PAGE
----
Change, facts and impact

What gets measured gets done


November 2013


In a changeable world of management, full of acronyms and buzzwords, it is encouraging that there are, after all, concepts that have so much substance to them that they are as relevant today as they were 10 or 20 years ago. Quite funnily, they are often underrated - perhaps because they are so obvious.

Take, for instance, performance management, which we in Implement consider one of the most powerful management tools, especially in relation to changes that call for organisations and, thus, human behaviour to change.

No matter how long and deeply an overweight person ponders the best strategy for achieving a healthier life, in all probability, the end result will be a regimen of eating less and exercising more. It is not exactly hard to arrive at that insight. What IS hard is to actually live by that strategy! This is where performance management becomes relevant. For, as with any other behavioural change, it is incredibly difficult to work dedicatedly towards achieving a healthier life without first stepping up on the bathroom scales, get the shock over with and then subsequently measuring whether the changes made are having an impact.

Basic impact measurements are often "forgotten"

If we look at major organisational changes or large-scale system implementations, basic impact measurements are often "forgotten". Projects are typically initiated with the intention of easing the administrative burden, improving quality or increasing productivity, but we believe that the measurements that support attainment of the desired impact, like the bathroom scales in the example above, are in many cases not established early enough or, worse, are not established at all.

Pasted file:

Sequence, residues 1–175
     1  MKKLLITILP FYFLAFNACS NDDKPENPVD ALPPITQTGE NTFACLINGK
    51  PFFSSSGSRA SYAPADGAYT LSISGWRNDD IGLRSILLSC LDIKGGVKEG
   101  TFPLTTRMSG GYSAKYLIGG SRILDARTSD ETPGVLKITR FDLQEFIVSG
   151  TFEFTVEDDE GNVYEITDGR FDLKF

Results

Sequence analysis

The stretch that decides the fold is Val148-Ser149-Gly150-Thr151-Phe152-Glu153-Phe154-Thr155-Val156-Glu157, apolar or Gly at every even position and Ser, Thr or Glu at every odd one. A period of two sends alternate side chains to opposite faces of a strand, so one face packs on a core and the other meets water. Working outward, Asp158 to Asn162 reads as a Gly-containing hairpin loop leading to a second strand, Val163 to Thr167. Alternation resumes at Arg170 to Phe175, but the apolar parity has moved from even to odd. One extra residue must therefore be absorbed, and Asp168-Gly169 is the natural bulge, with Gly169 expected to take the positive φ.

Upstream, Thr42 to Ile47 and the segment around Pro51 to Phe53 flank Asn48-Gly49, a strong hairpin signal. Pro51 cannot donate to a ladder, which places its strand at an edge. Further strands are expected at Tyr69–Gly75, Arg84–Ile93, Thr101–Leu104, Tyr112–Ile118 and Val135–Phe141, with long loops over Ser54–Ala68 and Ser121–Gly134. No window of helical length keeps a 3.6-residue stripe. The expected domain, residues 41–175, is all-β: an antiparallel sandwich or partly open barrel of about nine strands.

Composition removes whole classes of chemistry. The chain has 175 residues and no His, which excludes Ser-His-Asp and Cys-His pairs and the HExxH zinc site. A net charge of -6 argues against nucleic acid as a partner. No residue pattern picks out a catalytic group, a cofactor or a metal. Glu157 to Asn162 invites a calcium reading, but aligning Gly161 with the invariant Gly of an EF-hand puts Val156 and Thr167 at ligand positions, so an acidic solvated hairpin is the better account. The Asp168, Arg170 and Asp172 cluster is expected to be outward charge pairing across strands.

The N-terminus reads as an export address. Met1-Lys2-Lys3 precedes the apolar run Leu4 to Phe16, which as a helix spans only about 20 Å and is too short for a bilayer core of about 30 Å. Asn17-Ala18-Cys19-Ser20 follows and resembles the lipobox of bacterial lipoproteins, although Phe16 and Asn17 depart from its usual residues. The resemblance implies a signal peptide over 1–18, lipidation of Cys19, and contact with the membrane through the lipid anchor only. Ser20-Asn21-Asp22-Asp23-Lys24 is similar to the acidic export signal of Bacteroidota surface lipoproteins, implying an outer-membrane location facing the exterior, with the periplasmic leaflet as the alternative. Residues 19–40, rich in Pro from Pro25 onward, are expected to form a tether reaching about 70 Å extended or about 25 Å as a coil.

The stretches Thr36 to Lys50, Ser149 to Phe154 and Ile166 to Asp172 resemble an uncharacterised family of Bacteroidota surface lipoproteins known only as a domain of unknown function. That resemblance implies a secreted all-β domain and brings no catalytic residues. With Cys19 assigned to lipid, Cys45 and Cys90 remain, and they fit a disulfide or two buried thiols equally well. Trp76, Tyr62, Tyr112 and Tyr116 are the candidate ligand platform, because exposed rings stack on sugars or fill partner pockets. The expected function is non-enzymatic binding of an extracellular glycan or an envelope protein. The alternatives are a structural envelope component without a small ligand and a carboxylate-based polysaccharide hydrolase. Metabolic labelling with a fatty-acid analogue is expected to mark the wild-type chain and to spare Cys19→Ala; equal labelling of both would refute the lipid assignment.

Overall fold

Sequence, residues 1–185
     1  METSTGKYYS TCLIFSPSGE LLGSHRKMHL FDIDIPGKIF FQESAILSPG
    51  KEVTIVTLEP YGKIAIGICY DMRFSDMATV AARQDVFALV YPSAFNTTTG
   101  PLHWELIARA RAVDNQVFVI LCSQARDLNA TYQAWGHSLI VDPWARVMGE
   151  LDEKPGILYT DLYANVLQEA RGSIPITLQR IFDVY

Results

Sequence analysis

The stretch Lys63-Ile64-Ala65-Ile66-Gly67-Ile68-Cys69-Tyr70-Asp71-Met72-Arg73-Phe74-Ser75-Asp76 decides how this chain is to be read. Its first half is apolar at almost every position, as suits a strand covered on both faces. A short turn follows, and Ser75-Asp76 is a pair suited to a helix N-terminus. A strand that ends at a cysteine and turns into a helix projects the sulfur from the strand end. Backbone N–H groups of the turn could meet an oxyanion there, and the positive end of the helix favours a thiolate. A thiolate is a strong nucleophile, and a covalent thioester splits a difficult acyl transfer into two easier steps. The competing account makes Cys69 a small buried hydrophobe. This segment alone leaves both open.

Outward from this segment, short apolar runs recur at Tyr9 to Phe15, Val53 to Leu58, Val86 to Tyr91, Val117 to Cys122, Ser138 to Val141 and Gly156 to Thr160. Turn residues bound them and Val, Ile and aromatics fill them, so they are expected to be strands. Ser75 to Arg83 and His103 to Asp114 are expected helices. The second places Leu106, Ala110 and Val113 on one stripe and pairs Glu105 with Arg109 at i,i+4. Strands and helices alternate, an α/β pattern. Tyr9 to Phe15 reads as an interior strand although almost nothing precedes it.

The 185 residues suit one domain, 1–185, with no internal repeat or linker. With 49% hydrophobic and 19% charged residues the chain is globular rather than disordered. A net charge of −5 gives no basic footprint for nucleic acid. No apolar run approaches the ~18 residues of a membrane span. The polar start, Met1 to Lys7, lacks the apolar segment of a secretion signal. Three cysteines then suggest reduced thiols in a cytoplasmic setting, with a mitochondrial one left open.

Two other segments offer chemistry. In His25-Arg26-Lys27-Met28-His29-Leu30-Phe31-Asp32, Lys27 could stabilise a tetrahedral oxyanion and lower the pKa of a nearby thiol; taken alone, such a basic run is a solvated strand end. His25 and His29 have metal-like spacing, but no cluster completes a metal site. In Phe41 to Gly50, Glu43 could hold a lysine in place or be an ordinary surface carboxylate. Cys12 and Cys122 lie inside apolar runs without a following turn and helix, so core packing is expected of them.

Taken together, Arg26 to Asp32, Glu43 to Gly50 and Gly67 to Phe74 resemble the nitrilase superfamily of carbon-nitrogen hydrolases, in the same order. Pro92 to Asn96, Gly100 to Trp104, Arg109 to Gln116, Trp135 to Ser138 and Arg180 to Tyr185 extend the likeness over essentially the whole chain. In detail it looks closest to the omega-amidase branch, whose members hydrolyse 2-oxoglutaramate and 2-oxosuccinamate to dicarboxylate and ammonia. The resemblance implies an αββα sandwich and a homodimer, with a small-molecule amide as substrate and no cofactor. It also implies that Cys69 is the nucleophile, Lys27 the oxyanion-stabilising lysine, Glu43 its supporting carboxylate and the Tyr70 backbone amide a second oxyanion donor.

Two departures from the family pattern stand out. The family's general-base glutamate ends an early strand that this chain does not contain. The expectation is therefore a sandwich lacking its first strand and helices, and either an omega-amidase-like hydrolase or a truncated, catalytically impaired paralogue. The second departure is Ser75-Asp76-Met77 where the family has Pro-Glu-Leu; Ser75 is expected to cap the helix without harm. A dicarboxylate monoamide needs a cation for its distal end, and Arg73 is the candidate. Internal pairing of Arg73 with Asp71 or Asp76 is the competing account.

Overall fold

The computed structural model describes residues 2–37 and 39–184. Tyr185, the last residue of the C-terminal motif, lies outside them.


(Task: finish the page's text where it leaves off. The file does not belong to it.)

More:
When you establish KPIs, you’ll find it is highly resource-intensive – do it anyway!

A key challenge, then, is that the rules have to be defined first. If, say, we want to measure productivity, we first have to define what that actually is in each specific case, which is not necessarily an easy task. In addition, performance management, including not least establishing the measurement system itself, is notthe organisation's primary focus in a change process. Often, this is regarded as a seperate project to be tagged ad hoc onto the change project. But this is not feasible - impact measurement and change are inextricably linked!

Without a system for impact measurement in place, there is a tendency to assess the project in isolation in terms of the individual project deliverables we have planned. We forget the overall purpose and find it difficult to answer the question as to why we have launched this particular initiative. That makes us reluctant to make any adjustments to the project content. And whereas the idea was to learn as the project proceeds, there is a great risk of ending up in a situation where the operation was successful, but the patient died.

Therefore, performance management holds water to this day. For whether we call it management by objectives, key performance indicators or some other term, it is highly recommendable to measure on indicators that give some pointers to the results we have achieved - and then, of course, to act on those results.

What is most thought-provoking is perhaps that it all starts with that little word "why". Why should I lose weight? Why do we need a new ERP system? "Why" is an amazing word that could easily replace a good many of the concepts that flourish in the world of management, but it is probably too obvious...